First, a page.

Skip to Main Content
U.S. Forest Service
Caring for the land and serving people

United States Department of Agriculture

Home > Search > Publication Information

  1. Share via EmailShare on FacebookShare on LinkedInShare on Twitter
    Dislike this pubLike this pub

    Description

    Predation by snakes has been implicated as a major cause of high nesting mortality in many passerine birds (e.g., Willis 1972, Best 1978, Nolan 1978), but predation is rarely observed (e.g., Snow 1962, Lill 1974). Snakes and other predators typically consume the entire contents of a nest during one visit (e.g., Nolan 1978). Nestling starvation caused by sibling competition for food is frequently invoked to explain partial loss of broods (e.g., Ricklefs 1965, Howe 1978). While conducting a study of Abert's Towhees (Pipilo aberti) in the lower Colorado River valley 9.7 km north of Ehrenberg, Arizona from March to July 1980, I witnessed two instances of nest predation and one predation attempt. My observations suggest that, in some cases, predation is an alternative explanation for partial loss of broods.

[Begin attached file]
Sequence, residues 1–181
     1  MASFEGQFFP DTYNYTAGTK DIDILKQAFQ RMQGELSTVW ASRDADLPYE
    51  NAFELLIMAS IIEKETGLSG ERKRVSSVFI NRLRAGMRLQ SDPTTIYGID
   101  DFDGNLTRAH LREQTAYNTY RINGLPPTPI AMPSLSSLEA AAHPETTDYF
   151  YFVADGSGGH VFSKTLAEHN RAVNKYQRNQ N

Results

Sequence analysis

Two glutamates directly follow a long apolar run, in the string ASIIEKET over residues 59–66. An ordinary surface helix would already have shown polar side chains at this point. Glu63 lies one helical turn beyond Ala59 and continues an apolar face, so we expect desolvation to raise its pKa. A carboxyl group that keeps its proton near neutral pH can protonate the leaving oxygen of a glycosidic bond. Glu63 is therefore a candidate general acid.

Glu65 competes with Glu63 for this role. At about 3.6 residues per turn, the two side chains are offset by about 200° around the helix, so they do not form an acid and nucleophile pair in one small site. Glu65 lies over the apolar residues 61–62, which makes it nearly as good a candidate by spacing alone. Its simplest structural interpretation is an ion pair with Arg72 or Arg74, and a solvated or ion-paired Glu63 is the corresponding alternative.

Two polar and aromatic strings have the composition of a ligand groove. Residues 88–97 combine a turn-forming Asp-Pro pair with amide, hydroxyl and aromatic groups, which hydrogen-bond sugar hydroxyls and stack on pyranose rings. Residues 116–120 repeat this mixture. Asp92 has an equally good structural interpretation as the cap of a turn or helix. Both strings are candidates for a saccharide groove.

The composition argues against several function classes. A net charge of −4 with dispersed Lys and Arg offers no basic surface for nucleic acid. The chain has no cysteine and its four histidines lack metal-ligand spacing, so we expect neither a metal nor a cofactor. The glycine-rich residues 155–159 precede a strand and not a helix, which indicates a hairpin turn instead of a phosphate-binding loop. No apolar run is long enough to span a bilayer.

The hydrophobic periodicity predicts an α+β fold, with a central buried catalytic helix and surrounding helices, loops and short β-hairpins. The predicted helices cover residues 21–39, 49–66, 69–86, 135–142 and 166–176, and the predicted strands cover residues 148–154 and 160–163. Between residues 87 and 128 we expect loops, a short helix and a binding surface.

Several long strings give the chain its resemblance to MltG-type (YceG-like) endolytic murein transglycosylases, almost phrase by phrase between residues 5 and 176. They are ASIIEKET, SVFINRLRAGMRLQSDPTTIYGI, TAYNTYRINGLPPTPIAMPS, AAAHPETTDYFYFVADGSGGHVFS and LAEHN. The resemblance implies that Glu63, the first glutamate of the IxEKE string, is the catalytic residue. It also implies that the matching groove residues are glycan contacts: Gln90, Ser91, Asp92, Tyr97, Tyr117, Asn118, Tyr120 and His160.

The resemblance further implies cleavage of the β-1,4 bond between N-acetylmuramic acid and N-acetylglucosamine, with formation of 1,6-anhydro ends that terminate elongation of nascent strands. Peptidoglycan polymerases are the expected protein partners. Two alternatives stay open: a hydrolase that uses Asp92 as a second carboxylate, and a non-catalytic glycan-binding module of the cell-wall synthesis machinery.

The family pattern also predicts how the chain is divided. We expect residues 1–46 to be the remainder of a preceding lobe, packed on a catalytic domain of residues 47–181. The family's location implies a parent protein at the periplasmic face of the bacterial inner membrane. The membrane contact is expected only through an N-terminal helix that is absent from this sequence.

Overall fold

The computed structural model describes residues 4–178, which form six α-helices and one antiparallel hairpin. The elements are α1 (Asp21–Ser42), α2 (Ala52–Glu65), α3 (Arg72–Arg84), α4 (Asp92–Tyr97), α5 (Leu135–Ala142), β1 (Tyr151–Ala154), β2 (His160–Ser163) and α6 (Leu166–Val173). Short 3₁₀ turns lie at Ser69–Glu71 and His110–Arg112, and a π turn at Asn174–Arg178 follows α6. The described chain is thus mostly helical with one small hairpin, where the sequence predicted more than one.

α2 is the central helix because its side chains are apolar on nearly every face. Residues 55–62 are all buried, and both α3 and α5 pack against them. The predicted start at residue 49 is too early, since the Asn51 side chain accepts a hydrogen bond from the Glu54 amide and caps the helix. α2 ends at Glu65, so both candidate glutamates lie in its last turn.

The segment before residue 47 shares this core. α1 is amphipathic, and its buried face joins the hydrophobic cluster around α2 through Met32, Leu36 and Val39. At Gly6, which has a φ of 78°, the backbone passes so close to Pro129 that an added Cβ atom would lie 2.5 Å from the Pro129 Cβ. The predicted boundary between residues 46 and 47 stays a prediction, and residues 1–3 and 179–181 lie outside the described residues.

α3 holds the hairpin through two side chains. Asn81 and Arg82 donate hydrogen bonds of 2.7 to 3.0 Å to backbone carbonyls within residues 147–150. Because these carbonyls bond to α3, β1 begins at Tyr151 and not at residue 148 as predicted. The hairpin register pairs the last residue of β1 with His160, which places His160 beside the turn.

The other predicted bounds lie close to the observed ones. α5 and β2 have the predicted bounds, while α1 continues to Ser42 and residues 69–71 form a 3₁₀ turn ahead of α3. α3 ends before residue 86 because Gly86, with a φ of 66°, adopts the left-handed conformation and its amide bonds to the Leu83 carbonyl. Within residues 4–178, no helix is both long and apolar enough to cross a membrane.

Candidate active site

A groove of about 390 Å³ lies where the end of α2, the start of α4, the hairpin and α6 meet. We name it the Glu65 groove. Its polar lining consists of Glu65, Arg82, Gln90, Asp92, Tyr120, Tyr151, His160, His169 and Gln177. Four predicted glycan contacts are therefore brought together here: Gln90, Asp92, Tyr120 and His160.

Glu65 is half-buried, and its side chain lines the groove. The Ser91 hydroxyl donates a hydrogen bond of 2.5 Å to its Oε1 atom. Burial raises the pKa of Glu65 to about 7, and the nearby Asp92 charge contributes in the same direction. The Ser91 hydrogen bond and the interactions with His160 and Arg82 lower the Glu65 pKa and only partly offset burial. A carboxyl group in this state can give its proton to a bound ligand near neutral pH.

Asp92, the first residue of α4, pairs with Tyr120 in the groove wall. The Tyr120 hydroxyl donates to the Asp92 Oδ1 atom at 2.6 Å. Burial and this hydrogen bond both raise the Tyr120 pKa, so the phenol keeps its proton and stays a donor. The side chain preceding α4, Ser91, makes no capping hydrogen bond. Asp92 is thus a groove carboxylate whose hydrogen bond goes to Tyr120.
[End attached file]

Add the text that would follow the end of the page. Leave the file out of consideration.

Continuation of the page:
Publication Notes

    • You may send email to rmrspubrequest@fs.fed.us to request a hard copy of this publication.
    • (Please specify exactly which publication you are requesting and your mailing address.)
    • We recommend that you also print this page and attach it to the printout of the article, to retain the full citation information.
    • This article was written and prepared by U.S. Government employees on official time, and is therefore in the public domain.

    Citation

    Finch, Deborah M. 1981. Nest predation of Abert's Towhees by coachwhips and roadrunners. The Condor. 83(4): 389.

    Keywords

    Abert's Towhees, Pipilo aberti, nest predation, snakes

    Related Search


    XML: View XML
Show More
Show Fewer
Jump to Top of Page